Crossing Legal Boundaries in Defence of the State
Edited by Aniceto Masferrer and Clive Walker
Chapter 6: Freedom of thought or ‘thought-crimes’? Counter-terrorism and freedom of expression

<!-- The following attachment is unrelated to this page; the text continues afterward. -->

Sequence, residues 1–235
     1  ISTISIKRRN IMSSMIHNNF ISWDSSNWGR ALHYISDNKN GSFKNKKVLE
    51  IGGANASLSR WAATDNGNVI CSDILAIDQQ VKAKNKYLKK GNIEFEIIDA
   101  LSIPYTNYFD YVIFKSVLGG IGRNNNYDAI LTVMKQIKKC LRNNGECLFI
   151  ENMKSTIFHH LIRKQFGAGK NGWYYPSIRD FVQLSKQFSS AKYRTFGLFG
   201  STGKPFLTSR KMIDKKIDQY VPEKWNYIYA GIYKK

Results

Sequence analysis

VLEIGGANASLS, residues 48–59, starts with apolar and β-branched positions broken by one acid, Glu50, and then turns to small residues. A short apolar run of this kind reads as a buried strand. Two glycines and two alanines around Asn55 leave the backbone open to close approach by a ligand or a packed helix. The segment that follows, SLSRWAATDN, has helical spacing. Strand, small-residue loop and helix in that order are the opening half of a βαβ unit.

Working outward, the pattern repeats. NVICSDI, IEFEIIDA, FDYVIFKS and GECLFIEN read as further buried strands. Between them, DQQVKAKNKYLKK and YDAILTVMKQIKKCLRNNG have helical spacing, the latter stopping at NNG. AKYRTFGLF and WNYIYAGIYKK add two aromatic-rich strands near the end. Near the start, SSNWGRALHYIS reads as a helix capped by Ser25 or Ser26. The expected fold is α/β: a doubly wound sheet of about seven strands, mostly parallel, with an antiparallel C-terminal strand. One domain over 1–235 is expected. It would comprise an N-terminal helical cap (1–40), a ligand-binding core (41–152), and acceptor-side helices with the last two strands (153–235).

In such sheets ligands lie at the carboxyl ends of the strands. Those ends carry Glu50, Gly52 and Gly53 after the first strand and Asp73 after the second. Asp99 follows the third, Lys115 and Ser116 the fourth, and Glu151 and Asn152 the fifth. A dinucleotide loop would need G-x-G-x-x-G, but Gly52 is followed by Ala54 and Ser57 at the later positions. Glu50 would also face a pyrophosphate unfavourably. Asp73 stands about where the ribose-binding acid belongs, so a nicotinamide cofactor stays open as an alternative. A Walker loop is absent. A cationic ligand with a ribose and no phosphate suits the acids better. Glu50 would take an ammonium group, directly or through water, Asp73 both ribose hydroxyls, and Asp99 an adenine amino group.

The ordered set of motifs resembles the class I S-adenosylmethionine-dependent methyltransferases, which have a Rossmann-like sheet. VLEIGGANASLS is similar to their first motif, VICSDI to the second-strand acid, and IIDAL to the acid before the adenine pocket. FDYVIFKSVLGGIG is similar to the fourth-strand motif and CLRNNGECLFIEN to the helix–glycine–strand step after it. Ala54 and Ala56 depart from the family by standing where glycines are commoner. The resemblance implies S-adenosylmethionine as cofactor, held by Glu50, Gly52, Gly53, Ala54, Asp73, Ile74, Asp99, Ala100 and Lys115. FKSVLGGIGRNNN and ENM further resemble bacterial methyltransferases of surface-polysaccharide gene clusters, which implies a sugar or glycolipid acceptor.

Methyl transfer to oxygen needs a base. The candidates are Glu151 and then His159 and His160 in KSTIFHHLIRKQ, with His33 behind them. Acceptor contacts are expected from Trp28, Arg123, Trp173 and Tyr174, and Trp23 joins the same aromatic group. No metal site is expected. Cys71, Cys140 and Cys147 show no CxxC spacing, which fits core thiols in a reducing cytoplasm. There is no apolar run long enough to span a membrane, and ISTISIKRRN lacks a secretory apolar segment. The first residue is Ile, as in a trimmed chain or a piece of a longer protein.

The years following 11 September 2011, with the 2004 bombings in Madrid, the 2005 attacks in London, the 2011 attacks in Norway and the 2012 attacks in Toulouse, show a profound change in the terrorist threat and the emergence of the parallel phenomena of home-grown terrorism and lone-wolves terrorist actors. Such change has had a tremendous impact on the criminal justice system as a whole and, in particular, on substantive criminal law. Parliaments have been active in enacting new offences in the ‘inchoate mode’ and criminalising preparatory activities (including recruitment, training and glorification for terrorist purposes). New inchoate offences also include descriptions like: the ‘encouragement’ of, ‘glorification’ of, and/or ‘apology’ for, terrorism (albeit in an undefined future and at undefined places) as well as the dissemination and the publication of relevant material. The interplay between the criminal law of different jurisdictions and the impact of EU policies and legal framework is in fact remarkable with regards to the development of the so-called glorification offences so that changes tend to cross national legal boundaries. In the caricature of a repressive world created by George Orwell in his novel, 1984, almost everything was forbidden: The thought police would get him just the same. He had committed – would have committed, even if he had never set pen to paper – the essential crime that contained all others in itself. Thought-crime, they called it. Thought- crime was not a thing that could be concealed forever.
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